13. H. Eoh and K. Y. Rhee, Methylcitrate cycle defines the bactericidal essentiality of isocitrate lyase for survival of Mycobacterium tuberculosis on fatty acids, Proc. Natl. Acad. Sci. U. S. A., 2014, 111, 4976–4981 CrossRef CAS PubMed .
  14. R. P. Bhusal, G. Bashiri, B. X. C. Kwai, J. Sperry and I. K. H. Leung, Targeting isocitrate lyase for the treatment of latent tuberculosis, Drug Discovery Today, 2017, 22, 1008–1016 CrossRef CAS PubMed .
  15. M. Krátký and J. Vinšová, Advances in mycobacterial isocitrate lyase targeting and inhibitors, Curr. Med. Chem., 2012, 19, 6126–6137 CrossRef .
  16. Y. V. Lee, H. A. Wahab and Y. S. Choong, Potential inhibitors for isocitrate lyase of Mycobacterium tuberculosis and non-M. tuberculosis: a summary, BioMed Res. Int., 2015, 2015, 895453 Search PubMed .
  17. K. Höner Zu Bentrup, A. Miczak, D. L. Swenson and D. G. Russell, Characterization of activity and expression of isocitrate lyase in Mycobacterium avium and Mycobacterium tuberculosis, J. Bacteriol., 1999, 181, 7161–7167 Search PubMed .
  18. G. H. Dixon and H. L. Kornberg, Assay methods for key enzymes of the glyoxylate cycle, Proc. Biochem. Soc., 1959, 72, 3p Search PubMed .
  19. T. V. Pham, A. S. Murkin, M. M. Moynihan, L. Harris, P. C. Tyler, N. Shetty, J. C. Sacchettini, H.-l. Huang and T. D. Meek, Mechanism-based inactivator of isocitrate lyases 1 and 2 from Mycobacterium tuberculosis, Proc. Natl. Acad. Sci. U. S. A., 2017, 114, 7617–7622 CrossRef CAS PubMed .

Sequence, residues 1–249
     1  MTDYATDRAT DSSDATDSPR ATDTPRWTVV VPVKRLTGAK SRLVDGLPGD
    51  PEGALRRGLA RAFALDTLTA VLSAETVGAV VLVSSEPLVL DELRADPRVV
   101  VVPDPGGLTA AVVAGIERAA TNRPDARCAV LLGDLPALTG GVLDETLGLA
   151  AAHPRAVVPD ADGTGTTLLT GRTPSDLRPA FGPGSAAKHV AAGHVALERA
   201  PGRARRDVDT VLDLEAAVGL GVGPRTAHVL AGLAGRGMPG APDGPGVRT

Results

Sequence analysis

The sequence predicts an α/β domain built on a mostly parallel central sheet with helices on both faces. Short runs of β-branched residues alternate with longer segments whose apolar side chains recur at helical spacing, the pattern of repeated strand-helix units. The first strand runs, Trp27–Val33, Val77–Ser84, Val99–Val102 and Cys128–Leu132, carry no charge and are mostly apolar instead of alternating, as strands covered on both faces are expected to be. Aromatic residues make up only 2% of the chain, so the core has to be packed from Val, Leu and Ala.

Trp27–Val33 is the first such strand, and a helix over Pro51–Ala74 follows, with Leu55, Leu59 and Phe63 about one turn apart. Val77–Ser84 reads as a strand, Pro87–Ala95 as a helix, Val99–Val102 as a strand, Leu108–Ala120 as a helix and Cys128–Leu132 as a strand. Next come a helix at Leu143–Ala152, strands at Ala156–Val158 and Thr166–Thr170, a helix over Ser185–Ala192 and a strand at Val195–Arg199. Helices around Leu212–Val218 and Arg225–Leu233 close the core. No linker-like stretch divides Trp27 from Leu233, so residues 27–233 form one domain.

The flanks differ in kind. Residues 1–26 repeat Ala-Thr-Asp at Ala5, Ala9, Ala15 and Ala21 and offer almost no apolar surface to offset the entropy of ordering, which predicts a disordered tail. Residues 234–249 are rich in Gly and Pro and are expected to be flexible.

20. H. K. Chenault and G. M. Whitesides, Lactate dehydrogenase-catalyzed regeneration of NAD from NADH for use in enzyme-catalyzed synthesis, Bioorg. Chem., 1989, 17, 400–409 CrossRef CAS .
  21. P. Vanni, E. Giachetti, G. Pinzauti and B. A. Mcfadden, Comparative structure, function and regulation of isocitrate lyase, an important assimilatory enzyme, Comp. Biochem. Physiol., 1990, 95B, 431–458 CrossRef CAS .
  22. N. S. T. Lui and O. A. Roels, An improved method for determining glyoxylic acid, Anal. Biochem., 1970, 38, 202–209 CrossRef CAS PubMed .
  23. C. Tyl, S. Felsinger and L. Brecker, In situ proton NMR of glycosidase catalyzed hydrolysis and reverse hydrolysis, J. Mol. Catal. B: Enzym., 2004, 28, 55–63 CrossRef CAS .
  24. P. Spangenberg, V. Chiffoleau-Giraud, C. André, M. Dion and C. Rabiller, Probing the transferase activity of glycosidases by means of in situ NMR spectroscopy, Tetrahedron: Asymmetry, 1999, 10, 2905–2912 CrossRef CAS .
  25. S. S. van Berkel, J. E. Nettleship, I. K. H. Leung, J. Brem, H. Choi, D. I. Stuart, T. D. W. Claridge, M. A. McDonough, R. J. Owens, J. Ren and C. J. Schofield, Binding of (5S)-penicilloic acid to penicillin binding protein 3, ACS Chem. Biol., 2013, 8, 2112–2116 CrossRef CAS PubMed .
  26. I. K. H. Leung, T. J. Krojer, G. T. Kochan, L. Henry, F. von Delft, T. D. W. Claridge, U. Oppermann, M. A. McDonough and C. J. Schofield, Structural and mechanistic studies on γ-butyrobetaine hydroxylase, Chem. Biol., 2010, 17, 1316–1324 CrossRef CAS PubMed .
  27. N. M. Mbenza, P. G. Vadakkedath, D. J. McGillivray and I. K. H. Leung, NMR studies of the non-haem Fe(II) and 2-oxoglutarate-dependent oxygenases, J. Inorg. Biochem. DOI:10.1016/j.jinorgbio.2017.08.032 .